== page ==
Anodic passivation for copper exposed to aqueous NaCl (model seawater) is rate limited by diffusion of a poorly soluble Cu(I) chloro species. As a result, a protective layer of CuCl forms on copper metal (with approx. 1 m thickness) that is then put under strain at more positive applied potentials with explosive events causing current spikes and particulate product expulsion. In this report, the mechanism for this explosive film rupture and particle expulsion process is shown to occur (i) in the absence of underlying anodic gas evolution, and (ii) linked to the presence/nature of gaseous solutes. The film rupture event is proposed to be fundamentally dependent on gas bubble nucleation (triggered by the release of interfacial stress) with surface tension effects by dissolved gases affecting the current spike pattern. Oxygen O2, hydrogen H2, and helium He suppress current spikes and behave differently to argon Ar, nitrogen N2, and carbon dioxide CO2, which considerably enhance current spikes. Vacuum-degassing the electrolyte solution results in behaviour very similar to that observed in the presence of helium. The overall corrosion rate for copper microelectrodes is compared and parameters linked to passivation and corrosion processes are discussed.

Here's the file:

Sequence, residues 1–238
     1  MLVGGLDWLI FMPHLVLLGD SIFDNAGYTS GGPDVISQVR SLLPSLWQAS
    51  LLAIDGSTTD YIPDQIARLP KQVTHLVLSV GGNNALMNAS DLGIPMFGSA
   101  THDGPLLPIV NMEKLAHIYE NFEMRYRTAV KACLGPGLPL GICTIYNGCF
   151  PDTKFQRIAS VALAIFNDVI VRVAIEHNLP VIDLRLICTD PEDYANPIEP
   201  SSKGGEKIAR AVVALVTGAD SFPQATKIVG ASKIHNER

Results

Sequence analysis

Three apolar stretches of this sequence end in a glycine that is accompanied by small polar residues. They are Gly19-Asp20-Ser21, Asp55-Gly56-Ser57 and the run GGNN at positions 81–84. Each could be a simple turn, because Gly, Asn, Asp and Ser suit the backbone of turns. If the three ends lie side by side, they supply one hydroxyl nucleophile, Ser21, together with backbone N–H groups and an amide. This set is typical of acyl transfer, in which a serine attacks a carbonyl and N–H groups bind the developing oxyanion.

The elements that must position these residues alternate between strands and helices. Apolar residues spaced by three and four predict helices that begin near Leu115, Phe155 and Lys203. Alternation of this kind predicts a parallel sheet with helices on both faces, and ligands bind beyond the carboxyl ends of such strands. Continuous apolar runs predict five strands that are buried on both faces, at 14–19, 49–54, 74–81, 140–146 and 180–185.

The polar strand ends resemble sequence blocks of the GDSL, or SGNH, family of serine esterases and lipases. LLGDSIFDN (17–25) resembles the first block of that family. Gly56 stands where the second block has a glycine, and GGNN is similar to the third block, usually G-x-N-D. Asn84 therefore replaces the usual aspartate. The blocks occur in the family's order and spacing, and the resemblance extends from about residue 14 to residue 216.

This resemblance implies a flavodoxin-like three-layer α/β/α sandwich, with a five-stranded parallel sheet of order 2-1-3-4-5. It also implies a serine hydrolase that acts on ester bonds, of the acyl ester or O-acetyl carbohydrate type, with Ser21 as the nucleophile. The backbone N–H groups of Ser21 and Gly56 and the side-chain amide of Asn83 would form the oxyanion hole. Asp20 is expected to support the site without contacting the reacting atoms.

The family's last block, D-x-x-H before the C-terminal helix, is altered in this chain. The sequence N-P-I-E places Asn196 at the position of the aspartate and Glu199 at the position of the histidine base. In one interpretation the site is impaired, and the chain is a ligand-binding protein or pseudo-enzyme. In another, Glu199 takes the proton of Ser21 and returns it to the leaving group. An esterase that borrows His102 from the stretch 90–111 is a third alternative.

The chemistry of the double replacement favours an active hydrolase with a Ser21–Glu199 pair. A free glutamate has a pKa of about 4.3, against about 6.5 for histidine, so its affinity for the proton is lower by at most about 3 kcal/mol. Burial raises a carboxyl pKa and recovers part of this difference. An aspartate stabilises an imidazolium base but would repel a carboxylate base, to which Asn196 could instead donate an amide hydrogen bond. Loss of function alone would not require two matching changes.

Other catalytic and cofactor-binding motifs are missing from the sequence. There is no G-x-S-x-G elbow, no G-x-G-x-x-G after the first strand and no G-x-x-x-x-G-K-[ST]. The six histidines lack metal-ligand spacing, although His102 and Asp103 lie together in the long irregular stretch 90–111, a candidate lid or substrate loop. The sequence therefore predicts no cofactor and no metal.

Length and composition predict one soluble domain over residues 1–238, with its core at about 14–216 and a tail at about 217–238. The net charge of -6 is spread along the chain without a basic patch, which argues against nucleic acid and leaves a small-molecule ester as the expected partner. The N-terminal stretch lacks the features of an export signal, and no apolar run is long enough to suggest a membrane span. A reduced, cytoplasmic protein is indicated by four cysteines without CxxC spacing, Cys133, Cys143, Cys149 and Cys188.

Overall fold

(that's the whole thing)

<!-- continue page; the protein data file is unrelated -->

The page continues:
Original languageEnglish
Publication statusPublished - 2019

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